People all over the world are putting their faith in this gospel. Clearly, the gospel is a compelling message.


What is it about the gospel that has proved irresistible for countless people throughout the world? There are so many answers to this question, and every Christian has his or her own story to tell. But here are three, simple answers.

The gospel is a work of God

In Mark 2, Jesus is in a home, “preaching the word” (Mark 2:2). A small group intrudes, lugging their paralyzed friend. Jesus does the unthinkable; he looks at the paralyzed man and says, “My son, your sins are forgiven” (2:5). The religious leaders are livid. They scream, “He is blaspheming! Who can forgive sins but God alone?” Jesus pronounced forgiveness when everyone knew forgiveness is a gift only God can give. With one declaration, Jesus declared himself to be God in-the-flesh.

Deep down, we all know we have a problem too big and complex for us to fix. The stain of sin is so dark only God can remove it. If we would be forgiven for what we’ve done wrong—fully and forever forgiven—only God can do it. The gospel is compelling because at the heart of it, God is the one who forgives.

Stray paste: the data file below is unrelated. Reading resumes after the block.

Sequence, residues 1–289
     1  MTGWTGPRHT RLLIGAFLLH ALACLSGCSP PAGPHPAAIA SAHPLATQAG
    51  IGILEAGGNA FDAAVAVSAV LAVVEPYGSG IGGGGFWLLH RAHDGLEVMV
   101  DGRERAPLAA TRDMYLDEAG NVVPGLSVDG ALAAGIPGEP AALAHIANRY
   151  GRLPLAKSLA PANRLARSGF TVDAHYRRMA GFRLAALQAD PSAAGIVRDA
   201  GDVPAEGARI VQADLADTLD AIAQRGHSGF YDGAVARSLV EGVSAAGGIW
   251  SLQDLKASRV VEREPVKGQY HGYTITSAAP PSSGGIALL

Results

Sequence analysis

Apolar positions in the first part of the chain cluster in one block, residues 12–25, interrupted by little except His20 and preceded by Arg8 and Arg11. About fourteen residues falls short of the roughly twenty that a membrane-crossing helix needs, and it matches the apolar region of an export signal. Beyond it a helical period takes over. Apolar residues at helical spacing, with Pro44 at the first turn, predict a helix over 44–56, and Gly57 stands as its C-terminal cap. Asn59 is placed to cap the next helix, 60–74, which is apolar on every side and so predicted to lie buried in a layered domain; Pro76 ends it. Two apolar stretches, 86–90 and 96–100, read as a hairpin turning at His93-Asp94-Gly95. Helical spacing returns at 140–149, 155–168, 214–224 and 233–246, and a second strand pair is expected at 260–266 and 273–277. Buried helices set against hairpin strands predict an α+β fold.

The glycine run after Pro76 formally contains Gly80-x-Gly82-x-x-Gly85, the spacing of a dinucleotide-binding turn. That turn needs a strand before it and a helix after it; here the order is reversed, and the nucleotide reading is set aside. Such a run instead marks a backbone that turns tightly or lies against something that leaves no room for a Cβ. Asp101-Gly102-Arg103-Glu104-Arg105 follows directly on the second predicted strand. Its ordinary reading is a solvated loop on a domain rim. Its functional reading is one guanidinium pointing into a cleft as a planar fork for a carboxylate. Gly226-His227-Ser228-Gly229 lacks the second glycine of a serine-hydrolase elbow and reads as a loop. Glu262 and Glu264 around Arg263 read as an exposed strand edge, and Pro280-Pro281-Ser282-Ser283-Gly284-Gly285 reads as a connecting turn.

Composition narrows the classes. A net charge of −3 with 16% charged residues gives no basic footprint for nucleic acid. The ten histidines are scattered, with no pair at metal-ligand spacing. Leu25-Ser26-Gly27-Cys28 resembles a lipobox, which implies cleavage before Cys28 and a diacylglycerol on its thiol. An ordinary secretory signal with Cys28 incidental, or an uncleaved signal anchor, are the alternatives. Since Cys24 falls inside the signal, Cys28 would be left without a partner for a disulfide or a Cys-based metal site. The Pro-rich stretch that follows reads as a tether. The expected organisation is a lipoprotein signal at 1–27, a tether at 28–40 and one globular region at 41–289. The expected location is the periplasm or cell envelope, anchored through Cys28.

The gospel is a display of mercy

The religious leaders hated Jesus for claiming to forgive sins. But they also hated him for hanging out with sinners.

And the scribes of the Pharisees, when they saw that he was eating with sinners and tax collectors, said to his disciples, ‘Why does he eat with tax collectors and sinners?’ And when Jesus heard it, he said to them, ‘Those who are well have no need of a physician, but those who are sick. I came not to call the righteous, but sinners’ (Mark 2:15–17).